Can a New Art Fair and a Cadre of Wealthy Boosters Transform Buffalo Into a Cultural Destination?

An installation by Michael Bosworth, at Swan Lounge
(Courtesy Echo Art Fair)

“Do you know who built that building?”

I was asked this question no fewer than five times during my visit to Buffalo last weekend, every time we drove by a red brick structure in the heart of downtown known as the Hotel Lafayette. It wasn’t long before I was dutifully replying, “The first female member of the American Institute of Architects: Louise Blanchard Bethune.”


The neoclassical hotel in question — one that would look not out of place on a Haussmanian boulevard in Paris — was recently reopened to the public after a massive renovation project. (For years, it was abandoned; as my hosts put it, it was “not exactly a flophouse.”)

Welcome to Buffalo, New York, where people know their architectural history like Manhattanites know their bus schedules. As many who live there will tell you, Buffalo was the richest town in the United States 100 years ago, before its fortunes sank when shipping vessels were rerouted on the St. Lawrence Seaway. Today, Buffalo finds itself in the middle of yet another transition.

Armed with the esteemed arts and culture public relations firm Resnicow Schroeder & Associates — which is better known for representing august art institutions like the Dallas Art Museum and the Israel Museum — the city’s tourist agency is hoping to transform its reputation from a Rust Belt industrial town into a vibrant cultural destination.

“I think the region’s identity is becoming more tied to visual arts,” Colin Dabkowski, an arts writer at the Buffalo News, told ARTINFO. “Five years ago, I would have said that’s not really true. But I think they've made a lot of progress in starting to bring down the barriers between the public at large who attends Bills games and institutions like the Albright-Knox.”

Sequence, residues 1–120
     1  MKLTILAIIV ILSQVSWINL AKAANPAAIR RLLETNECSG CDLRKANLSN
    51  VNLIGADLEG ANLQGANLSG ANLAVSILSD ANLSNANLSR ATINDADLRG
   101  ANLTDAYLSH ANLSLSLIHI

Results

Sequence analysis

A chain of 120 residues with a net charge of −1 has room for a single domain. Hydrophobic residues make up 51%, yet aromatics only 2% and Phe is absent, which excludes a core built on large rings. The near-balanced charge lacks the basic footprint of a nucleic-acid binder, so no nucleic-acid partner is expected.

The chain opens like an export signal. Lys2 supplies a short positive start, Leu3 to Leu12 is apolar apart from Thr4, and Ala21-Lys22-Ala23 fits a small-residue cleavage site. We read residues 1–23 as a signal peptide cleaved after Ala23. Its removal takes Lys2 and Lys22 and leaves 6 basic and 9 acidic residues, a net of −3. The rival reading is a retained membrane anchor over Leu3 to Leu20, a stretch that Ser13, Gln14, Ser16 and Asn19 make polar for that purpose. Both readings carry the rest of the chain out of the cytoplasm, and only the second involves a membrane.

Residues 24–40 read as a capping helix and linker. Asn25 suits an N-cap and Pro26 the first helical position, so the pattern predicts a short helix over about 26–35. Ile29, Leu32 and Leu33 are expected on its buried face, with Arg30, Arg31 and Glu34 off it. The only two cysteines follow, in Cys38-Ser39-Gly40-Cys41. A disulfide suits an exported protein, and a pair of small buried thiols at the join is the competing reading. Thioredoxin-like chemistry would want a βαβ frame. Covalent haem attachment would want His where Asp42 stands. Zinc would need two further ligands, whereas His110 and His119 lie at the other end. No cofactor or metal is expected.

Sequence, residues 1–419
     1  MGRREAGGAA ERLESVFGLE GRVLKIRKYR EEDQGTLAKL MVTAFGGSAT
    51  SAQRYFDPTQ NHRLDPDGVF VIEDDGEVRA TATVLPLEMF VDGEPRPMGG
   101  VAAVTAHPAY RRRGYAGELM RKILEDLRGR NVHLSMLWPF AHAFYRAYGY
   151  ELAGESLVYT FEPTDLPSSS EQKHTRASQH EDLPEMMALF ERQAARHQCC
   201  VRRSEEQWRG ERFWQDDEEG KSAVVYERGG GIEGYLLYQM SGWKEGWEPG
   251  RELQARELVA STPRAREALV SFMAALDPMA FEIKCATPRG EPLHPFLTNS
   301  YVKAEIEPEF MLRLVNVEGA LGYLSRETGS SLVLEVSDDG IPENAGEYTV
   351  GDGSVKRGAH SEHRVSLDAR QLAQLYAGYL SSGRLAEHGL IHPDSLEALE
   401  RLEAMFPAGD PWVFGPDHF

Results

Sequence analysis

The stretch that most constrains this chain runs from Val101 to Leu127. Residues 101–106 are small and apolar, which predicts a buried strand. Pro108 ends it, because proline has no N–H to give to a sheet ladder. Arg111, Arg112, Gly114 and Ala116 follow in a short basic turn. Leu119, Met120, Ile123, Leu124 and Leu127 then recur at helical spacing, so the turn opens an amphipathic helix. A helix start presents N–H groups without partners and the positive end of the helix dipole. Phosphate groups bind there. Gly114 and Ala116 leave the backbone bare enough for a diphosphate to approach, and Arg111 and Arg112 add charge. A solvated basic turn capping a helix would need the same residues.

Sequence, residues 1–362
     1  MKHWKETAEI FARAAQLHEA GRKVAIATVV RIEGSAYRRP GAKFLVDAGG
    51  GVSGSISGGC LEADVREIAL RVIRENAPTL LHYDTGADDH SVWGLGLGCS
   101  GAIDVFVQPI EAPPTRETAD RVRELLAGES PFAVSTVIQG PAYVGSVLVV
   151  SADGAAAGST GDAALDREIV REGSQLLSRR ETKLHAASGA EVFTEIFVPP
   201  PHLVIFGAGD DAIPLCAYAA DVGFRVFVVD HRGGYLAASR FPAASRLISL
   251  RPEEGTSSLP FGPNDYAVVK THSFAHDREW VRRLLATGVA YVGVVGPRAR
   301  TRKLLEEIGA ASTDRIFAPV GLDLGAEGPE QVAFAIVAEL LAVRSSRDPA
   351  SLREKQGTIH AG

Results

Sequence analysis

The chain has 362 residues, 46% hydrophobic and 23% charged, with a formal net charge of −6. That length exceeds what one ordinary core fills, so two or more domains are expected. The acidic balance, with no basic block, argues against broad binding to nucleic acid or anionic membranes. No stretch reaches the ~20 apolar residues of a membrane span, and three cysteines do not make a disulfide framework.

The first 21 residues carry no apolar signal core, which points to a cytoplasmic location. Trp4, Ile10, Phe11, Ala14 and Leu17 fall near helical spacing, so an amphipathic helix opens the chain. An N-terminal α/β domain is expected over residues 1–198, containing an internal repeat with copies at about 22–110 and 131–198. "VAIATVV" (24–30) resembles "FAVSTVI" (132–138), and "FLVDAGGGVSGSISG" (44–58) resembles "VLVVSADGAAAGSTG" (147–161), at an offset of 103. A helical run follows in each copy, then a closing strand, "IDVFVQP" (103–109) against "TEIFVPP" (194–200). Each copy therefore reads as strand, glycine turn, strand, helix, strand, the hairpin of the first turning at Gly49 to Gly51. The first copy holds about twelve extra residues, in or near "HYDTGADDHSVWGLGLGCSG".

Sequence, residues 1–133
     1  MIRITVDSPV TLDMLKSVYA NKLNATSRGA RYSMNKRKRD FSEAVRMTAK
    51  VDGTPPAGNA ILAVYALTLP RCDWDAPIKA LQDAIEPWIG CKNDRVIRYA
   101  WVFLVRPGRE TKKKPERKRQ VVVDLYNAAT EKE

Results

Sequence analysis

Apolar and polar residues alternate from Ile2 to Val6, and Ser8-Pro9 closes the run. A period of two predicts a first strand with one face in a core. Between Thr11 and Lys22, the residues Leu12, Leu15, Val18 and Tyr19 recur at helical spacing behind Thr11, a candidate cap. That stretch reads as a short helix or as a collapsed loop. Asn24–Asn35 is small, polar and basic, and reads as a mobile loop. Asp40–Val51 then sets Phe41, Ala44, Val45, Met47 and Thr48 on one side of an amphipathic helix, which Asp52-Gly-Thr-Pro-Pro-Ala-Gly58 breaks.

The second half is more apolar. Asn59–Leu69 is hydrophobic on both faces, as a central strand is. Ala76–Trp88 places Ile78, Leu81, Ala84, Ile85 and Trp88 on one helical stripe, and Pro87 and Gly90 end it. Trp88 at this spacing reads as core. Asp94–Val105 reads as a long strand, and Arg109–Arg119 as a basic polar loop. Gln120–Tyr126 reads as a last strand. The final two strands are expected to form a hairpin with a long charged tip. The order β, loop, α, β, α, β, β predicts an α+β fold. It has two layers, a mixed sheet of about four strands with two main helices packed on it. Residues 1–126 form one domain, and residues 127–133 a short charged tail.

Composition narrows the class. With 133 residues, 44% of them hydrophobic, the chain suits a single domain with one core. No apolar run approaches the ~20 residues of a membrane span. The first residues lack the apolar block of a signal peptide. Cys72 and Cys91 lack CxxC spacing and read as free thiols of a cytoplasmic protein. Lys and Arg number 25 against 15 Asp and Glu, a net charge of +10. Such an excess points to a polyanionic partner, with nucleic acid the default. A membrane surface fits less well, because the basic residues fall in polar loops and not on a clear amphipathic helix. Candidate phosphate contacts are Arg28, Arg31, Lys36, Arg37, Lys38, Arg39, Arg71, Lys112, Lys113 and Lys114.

One harbinger of this shift is the echo Art Fair, which debuted its second edition in the city’s Larkinville district on July 7 and 8. The event is the brainchild of E. Frits Abell, managing director of tech advisory firm Northside Investors and an art collector himself, who years ago started a network for professionals born and bred in Buffalo called the “Buffalo Expat Network.” Abell, who spends most of the year in New York City, decided to return to his hometown to launch the fair in an effort to provide the city’s art community with more exposure.

“Buffalo has a limited number of galleries for the amount of art that’s present,” Abell told ARTINFO. But while the gallery business in Buffalo remains modest — the fair hosted only 15 booths for galleries, four of which were local, while the remaining 28 booths were given to individual artists — the city has a large artist population. (That part isn’t surprising: Rent is cheap and local institutions like the Burchfield Penny Art Center and Hallwalls Contemporary Art Center frequently acquire or display work by living Buffalo artists.) To Abell, a fair seemed like a logical way to promote the work of individual artists who may not have the opportunity to show regularly elsewhere.